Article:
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Using Technology To Counter Police Mistrust Is Complicated

Members of the Ferguson Police Department wear their new body cameras during a rally Saturday in Ferguson, Mo.
Aaron P. Bernstein
Getty Images
Members of the Ferguson Police Department wear their new body cameras during a rally Saturday in Ferguson, Mo.

Outfitting police officers with body cameras seems to be the most concrete solution to come out of the police misconduct accusations in Ferguson, Mo. And the push for cameras extends far beyond the suburban Missouri police department — more than 153,000 people have signed a "We the People" petition to create a "Mike Brown Law" that would require all police to wear cameras.

Ferguson officers didn't have dashboard cameras for their vehicles, much less body cameras, when 18-year-old Michael Brown was fatally shot in August, or during the chaotic protests and crowd control that followed his death. But now, thanks to a donation by two security companies, the police department is outfitted with about 50 cameras, which were already used during a protest last week.

It follows a national trend toward using these cameras. They are particularly appealing in places where police distrust is high because of prior histories of misconduct.

The argument is that technology can curb officers from acting out of line and help counter police distrust in the community. NPR's Martin Kaste has reported extensively on the camera trend sweeping law enforcement agencies:

"In this job, we're frequently accused of things we haven't done, or things were kind of embellished, as far as contact," Bainbridge Island, Wash., officer Ben Sias told Kaste. "And the cameras show a pretty unbiased opinion of what actually did happen."

People do seem to act differently when they know they're being recorded, and the ACLU has argued that cameras act as an important check on the power of police. To wit, the Wall Street Journal reported that a recent Cambridge University study looked into a yearlong trial of cameras by the police department in Rialto, Calif., and found an 89 percent decline in the number of complaints against officers.

But this doesn't mean problems of not knowing what exactly happened between police officers and the people will disappear completely. Recordings aren't completely neutral, depending on when they started and stopped, the camera angle and perspective and many other variables. While these devices can provide much-needed accountability, how and when to use them often falls on the police departments. Tech entrepreneur Sean Bonner writes:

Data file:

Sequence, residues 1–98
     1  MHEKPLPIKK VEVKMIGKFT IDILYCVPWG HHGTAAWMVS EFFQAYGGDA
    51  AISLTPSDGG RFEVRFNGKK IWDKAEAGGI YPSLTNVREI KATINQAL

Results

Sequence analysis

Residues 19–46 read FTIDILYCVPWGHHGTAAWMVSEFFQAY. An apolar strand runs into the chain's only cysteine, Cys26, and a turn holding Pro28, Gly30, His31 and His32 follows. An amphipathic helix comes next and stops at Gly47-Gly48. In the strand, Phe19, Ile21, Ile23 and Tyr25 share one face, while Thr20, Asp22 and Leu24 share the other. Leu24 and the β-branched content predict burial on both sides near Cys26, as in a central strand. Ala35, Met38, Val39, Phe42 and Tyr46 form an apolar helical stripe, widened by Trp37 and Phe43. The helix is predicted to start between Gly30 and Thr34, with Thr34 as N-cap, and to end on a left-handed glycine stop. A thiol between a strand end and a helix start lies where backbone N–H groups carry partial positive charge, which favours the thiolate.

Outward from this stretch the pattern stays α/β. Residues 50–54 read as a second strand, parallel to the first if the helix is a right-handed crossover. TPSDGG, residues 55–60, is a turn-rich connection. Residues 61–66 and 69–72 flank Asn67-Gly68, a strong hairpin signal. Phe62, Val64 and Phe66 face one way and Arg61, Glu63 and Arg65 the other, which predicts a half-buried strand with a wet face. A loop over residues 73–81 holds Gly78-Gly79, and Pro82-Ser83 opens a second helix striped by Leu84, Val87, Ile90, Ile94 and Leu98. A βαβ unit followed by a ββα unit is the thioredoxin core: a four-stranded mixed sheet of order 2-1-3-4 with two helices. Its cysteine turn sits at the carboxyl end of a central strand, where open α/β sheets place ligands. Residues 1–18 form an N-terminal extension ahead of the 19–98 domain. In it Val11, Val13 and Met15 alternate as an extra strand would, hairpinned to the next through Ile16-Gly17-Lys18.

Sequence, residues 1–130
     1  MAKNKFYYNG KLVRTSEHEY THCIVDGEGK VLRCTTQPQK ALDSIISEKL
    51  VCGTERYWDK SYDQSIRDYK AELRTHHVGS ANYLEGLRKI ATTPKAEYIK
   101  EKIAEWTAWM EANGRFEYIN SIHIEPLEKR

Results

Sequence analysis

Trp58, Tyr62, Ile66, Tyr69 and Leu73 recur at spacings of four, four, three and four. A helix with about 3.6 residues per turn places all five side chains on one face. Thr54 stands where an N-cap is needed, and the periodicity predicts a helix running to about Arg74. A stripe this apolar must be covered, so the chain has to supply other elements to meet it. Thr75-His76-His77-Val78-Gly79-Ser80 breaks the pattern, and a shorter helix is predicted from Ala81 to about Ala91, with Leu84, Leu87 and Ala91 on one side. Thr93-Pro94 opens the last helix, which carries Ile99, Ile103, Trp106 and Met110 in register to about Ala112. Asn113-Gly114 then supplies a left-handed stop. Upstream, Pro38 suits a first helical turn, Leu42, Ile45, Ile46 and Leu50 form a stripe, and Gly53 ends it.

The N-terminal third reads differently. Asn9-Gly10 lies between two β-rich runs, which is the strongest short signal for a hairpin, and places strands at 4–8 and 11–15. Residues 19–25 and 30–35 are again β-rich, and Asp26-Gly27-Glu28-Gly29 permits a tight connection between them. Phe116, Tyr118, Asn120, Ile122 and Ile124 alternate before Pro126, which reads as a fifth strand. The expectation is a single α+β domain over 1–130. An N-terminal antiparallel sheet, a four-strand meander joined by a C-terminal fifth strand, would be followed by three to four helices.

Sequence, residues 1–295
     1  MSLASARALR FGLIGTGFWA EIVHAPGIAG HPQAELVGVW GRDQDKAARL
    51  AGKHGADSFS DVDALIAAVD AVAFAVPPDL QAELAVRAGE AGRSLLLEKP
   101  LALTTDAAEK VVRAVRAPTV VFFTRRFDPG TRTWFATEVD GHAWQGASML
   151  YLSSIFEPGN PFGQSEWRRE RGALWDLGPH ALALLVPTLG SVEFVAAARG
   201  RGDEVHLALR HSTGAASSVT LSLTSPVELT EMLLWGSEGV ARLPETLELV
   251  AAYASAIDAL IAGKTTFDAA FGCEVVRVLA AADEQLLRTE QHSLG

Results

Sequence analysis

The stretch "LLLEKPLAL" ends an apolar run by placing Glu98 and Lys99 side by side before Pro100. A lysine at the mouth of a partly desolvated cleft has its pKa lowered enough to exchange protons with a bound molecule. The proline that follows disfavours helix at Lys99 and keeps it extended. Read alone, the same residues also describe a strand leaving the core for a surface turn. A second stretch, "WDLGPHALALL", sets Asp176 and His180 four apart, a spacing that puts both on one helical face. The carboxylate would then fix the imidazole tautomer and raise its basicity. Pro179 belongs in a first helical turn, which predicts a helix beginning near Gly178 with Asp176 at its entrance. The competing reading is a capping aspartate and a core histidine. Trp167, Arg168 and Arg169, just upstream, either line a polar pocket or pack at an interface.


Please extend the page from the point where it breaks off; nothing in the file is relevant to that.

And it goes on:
"In Los Angeles the LAPD (which has been trying to overcome an unfortunate reputation the department earned very publicly in 1991 with the Rodney King beating and the Rampart scandal a few years later) are required to wear voice recorders which switch on automatically when their cruiser sirens are activated and record voice audio within a certain range of the car once the officer steps outside. The benefit here is obvious and the argument was made that this would ensure accountability. Which it would if they worked, but mysteriously the recorders stopped working and this kept happening until the department was forced to admit that their internal investigations showed that officers were purposefully breaking off the antennas on their recorders to disable them. Perhaps unsurprisingly the majority of the sabotaged recorders were in the Southeast division — a low income, high minority area with a long history of excessive force complaints. One can imagine mandatory body cameras might suffer similar 'technical problems.' "

In the case of Ferguson, the department there says it didn't file the most basic record of the police shooting of Brown — a written police incident report. So whether it would willfully choose to record video of such incidents before they happen is a question.

And if confrontations are recorded, will the records be released? That gets to the thorny video ownership question. As Kaste has reported:

"While police videos are generally considered public records, in practice, they're often difficult to obtain. Most cities refuse to turn over footage that is part of an investigation, and some are now instituting restrictions based on privacy concerns."

So even if the raw footage is captured, and police actually recorded a disputed incident, the police department or the city might not release it.

In short, cameras can help. But when the cops get to choose when they record and whether to release video, they clearly aren't a cure-all for the trust problems ailing law enforcement.

Copyright 2021 NPR. To see more, visit

Elise Hu is a host-at-large based at NPR West in Culver City, Calif. Previously, she explored the future with her video series, Future You with Elise Hu, and served as the founding bureau chief and International Correspondent for NPR's Seoul office. She was based in Seoul for nearly four years, responsible for the network's coverage of both Koreas and Japan, and filed from a dozen countries across Asia.
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